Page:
Yeah, this is sure great talking with you guys on deer. I know there are some other real talented guys on here as well, and it would be great to hear from them . Lets keep this rolling!!
This thread has gave me "flash backs". "Back in the old days", when Buckeye was Buckeye, Cary Cochran and I use to shoot stuff like this back and forth at each other. There were times when discussions, that were based on our own personal observations, did get a little emphatic. That's when one of us would set out to prove each other right or wrong. There's two Score 1 for each of us after all those conversations, and both of those got burned into the memory bank.
Hilton and I had a different way of handling things. We would just make fun of each other's weird deer...........
Uncle George is on the right track here, he has branched out with his thinking in comparative anatomy.
Back to the last three photos, two photos show the same expressed trait, while one does not. WHAT is that expressed trait?
OK I guess nobody can see me raising my hand. Is it that the antlers are off to one side ???
I looked at those pics again, and that picture of Holmes dead buck is now making me think I was right. That forehead sure looks narrow on that deer. I don't think Mr Conley is wanting us to be concerned with the eyes. If so, I don't think he would post a pic of a dead deer. But if the subject was dead or not wouldn't make a difference if he was wanting us to see something skeletal. Hell I don't know, I'm grabbing at straws! Even George has got me standing on chairs looking at mounts from above to check and see if I can see the eyeballs, which I can.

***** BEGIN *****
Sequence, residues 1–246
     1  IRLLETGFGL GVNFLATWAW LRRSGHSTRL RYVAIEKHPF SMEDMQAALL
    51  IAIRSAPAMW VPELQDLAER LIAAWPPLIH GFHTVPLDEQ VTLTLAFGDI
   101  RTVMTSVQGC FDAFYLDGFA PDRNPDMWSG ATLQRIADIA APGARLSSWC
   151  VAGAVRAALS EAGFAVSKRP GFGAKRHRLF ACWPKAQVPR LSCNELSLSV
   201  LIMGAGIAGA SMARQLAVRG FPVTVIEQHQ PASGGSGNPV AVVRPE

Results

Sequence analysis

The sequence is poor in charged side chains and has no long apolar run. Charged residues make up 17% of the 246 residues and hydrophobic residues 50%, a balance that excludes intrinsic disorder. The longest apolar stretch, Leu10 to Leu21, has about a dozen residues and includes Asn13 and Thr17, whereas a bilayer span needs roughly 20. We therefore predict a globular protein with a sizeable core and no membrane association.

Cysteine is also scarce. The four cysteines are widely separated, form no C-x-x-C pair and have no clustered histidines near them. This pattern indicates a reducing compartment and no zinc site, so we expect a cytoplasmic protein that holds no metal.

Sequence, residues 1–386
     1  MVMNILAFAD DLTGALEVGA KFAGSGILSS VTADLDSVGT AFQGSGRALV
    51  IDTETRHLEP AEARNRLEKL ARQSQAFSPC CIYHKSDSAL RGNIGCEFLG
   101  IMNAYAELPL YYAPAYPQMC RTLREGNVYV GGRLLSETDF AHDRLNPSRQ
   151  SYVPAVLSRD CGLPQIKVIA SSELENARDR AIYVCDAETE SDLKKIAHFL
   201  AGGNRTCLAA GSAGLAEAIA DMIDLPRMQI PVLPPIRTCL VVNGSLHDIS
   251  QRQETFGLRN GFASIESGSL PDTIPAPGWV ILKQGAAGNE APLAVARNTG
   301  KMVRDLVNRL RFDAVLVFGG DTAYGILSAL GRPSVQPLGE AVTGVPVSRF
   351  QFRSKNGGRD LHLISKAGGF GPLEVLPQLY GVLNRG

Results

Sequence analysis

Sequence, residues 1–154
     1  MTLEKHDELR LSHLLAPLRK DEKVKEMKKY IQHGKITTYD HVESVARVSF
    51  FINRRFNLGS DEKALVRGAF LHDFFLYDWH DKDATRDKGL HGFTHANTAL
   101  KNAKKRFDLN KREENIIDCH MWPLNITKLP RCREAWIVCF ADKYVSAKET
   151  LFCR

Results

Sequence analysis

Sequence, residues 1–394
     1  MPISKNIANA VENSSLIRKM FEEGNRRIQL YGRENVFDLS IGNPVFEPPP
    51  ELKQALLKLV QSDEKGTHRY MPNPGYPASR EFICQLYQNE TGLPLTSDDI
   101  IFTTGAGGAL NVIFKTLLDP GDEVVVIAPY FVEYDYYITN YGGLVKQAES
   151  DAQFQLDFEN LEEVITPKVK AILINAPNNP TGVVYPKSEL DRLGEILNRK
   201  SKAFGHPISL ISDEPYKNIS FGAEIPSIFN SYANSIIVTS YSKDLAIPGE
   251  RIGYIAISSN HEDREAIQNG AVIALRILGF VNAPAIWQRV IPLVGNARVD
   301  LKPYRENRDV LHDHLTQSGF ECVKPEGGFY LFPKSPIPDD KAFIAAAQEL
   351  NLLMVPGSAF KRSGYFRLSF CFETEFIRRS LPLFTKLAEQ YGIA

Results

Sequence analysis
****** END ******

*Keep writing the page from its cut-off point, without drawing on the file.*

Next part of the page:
I spoke too soon, I am the class moron!
Isn't there a place where you can turn to the back of the thread and find the answer ?
Hah- Hah Chris, that was awesome!
Thanks that is how I got through school LOL
You're so close if it was a snake it would bite ya!
Kinda, sorta. Right before young Gasoline A$$'s remark if I remember right. There's a photo of a skull with a brick wall behind it.
Both the first photo and the third look very narrow to me through the forehead, and the dead deer looks longer throughout the head. But, I think the eyes do play a part here as in they may have slightly better prolifiral (sp?) vision. I've seen the first head down photo on here before and it made me think about the exposed part of the eye. I always thought that the eyelid should come to the edge of the eye to protect it from rain or snow but I can see one good reason why they need to view through their eyelids when the head is down. Good reason for the pupil to be level also. They are prey species and need every advantage so where a falcons' eyelid extends past the eye from a birds eye view the deer needs the forward vision. Does that make sense???
Bill, we have the same thing here with our deer, some long and lenky, some short and stocky, and the average is what we have to start with because there's way too much work fitting them all. However, I think Glen is on his way to doing just that...Steve
Here goes another stab in the dark. Is it on the skull the eye orbits aren't as pronounced on the top portion, next to the forehead region? This is shown in the first photo, and the last photo of holmes dead deer. Maybe that's why to me those deer seem to have abnormally narrow foreheads? ???
See, Shannon, yer Uncle George and I had faith in you! We knew you could do it!
Let me snap some of those Gasoline Ass Lines on the photos, and I'll be back.
O.K. then what environmental factors would effect the eye orbits to not be as heavy or pronounced on some deer?
I was just going to ask that Shannon , and also isn't that more common in younger deer ??